Voter Registration Bill

Part of the debate – in the House of Commons at 2:15 pm on 23rd November 2018.

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Photo of Christopher Chope Christopher Chope Conservative, Christchurch 2:15 pm, 23rd November 2018

I will not give way again because I am trying to develop my argument. It is obvious that not everybody accepts the principle that we should have a legal system that is as tight as possible so that it is easy to enforce against those people who carry out abuse. There were five prosecutions after the previous general election, but we know that the practice of voting in more than one constituency is much more widespread than that, as is reflected in both the Pickles report and also the work of the Electoral Commission.

Why do we not do everything possible to maximise the confidence in our electoral system and follow the recommendations that I propose in this Bill, which would ensure that if somebody registered with an electoral registration officer, they would, at the same time, have to declare that they were not already registered somewhere else? It is a pretty straightforward thing to do. There is also provision, which is not often enforced, that people should indicate their previous registered address, or that if they do not have a previous registered address, they should give some evidence of identity and perhaps also of nationality.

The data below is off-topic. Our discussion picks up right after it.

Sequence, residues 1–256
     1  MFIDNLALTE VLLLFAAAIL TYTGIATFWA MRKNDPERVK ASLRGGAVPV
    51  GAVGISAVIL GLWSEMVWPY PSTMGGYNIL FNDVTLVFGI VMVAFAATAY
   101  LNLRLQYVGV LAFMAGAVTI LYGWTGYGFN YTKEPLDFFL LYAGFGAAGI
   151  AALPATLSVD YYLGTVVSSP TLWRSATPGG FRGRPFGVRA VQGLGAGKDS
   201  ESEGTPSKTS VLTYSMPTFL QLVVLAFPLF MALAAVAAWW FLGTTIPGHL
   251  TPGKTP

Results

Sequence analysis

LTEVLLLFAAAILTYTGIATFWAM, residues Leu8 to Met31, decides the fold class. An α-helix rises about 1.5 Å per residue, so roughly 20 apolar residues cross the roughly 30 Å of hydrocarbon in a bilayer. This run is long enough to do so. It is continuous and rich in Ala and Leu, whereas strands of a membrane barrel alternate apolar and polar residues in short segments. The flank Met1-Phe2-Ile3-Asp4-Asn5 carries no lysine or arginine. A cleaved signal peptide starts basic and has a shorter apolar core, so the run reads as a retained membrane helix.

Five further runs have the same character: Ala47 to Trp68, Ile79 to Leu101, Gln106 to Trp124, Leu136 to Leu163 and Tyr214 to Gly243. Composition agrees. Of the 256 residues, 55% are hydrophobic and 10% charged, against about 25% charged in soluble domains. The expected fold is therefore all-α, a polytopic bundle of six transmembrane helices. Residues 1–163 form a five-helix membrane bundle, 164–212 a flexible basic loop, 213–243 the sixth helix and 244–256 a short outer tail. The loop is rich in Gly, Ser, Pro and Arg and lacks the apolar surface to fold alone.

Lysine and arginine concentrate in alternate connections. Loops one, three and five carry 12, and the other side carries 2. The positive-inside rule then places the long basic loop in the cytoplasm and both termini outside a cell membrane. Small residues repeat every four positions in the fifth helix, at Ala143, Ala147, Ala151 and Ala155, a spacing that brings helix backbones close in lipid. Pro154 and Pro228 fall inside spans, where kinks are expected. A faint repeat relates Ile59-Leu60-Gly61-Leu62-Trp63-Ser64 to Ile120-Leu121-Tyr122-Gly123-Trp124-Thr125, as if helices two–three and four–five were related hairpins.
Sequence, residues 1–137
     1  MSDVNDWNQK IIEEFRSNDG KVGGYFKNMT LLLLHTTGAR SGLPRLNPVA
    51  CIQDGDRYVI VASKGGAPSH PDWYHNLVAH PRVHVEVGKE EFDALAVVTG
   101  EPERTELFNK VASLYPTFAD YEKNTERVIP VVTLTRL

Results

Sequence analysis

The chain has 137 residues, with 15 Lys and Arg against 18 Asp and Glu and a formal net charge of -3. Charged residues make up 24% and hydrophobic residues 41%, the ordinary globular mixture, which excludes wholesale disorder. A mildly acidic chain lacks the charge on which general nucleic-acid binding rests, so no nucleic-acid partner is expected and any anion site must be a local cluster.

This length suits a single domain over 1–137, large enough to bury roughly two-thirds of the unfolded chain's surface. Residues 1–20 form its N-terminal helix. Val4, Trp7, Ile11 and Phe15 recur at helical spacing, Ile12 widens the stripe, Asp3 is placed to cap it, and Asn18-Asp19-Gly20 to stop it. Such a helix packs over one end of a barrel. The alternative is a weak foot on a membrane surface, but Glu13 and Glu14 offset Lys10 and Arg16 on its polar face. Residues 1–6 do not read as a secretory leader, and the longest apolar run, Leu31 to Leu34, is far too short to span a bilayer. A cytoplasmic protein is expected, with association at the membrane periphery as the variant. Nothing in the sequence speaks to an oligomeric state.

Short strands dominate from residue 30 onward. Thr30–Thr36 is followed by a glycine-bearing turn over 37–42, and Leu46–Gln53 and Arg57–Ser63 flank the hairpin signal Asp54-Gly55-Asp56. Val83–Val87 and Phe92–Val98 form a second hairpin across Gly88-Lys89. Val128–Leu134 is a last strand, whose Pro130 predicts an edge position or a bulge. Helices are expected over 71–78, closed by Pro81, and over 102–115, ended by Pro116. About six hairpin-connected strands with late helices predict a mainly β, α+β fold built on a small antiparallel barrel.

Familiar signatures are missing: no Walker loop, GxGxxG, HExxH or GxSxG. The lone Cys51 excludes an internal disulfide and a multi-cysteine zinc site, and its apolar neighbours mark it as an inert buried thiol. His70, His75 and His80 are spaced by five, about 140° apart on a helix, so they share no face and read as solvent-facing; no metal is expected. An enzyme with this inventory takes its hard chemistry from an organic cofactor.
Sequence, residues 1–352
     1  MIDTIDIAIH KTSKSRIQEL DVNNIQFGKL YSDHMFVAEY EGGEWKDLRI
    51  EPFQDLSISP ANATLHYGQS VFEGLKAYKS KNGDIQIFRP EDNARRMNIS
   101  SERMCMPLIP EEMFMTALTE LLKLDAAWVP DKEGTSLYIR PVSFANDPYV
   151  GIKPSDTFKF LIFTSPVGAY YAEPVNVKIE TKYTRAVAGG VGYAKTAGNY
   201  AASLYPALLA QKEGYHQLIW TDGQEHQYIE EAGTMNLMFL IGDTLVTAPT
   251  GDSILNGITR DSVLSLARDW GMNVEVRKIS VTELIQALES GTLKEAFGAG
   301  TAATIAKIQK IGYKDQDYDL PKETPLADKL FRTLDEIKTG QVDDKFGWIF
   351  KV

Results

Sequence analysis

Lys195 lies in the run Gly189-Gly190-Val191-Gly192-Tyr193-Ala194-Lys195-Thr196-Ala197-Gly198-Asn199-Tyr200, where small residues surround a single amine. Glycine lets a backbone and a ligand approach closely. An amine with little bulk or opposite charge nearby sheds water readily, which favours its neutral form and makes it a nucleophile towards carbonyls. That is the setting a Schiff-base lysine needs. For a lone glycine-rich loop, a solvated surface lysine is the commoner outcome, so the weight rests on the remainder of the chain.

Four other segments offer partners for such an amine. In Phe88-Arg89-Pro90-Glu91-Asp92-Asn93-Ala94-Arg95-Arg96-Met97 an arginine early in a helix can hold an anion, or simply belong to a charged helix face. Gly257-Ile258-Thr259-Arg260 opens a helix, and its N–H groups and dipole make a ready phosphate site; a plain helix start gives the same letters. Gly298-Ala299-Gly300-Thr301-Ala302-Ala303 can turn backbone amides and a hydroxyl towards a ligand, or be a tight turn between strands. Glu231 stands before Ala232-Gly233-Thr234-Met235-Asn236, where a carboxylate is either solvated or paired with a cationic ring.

The electoral register is the key to the integrity of our system but, at the moment, it is very vulnerable. Another area of vulnerability is that if people are registered in more than one place and, to take the point of Luke Pollard, somebody is away, it is easy for somebody else to impersonate that person, knowing full well that they will not get caught out, because there are no circumstances in which that person will turn up to vote.

One of the deterrents against people going along and voting as somebody else in a constituency is that the real person could turn up to vote and that would create a bit of a problem. If people know that large numbers of voting cards have been delivered, sometimes in bulk to halls of residence at universities, for example, those voting cards are very vulnerable to getting into the wrong hands and then being the subject of abuse. This enables people to vote when they should not be able to do so, because they will be voting for a second time.

I am disappointed by the tone that we are hearing from Opposition Members. They do not seem to be concerned about improving the integrity of our electoral system and doing everything we can to eliminate electoral fraud. Surely that should be the starting point for any debate to try to reinforce our democratic institutions, one of which is, of course, the ability of a person to vote in general elections if they are aged over 18, but only once.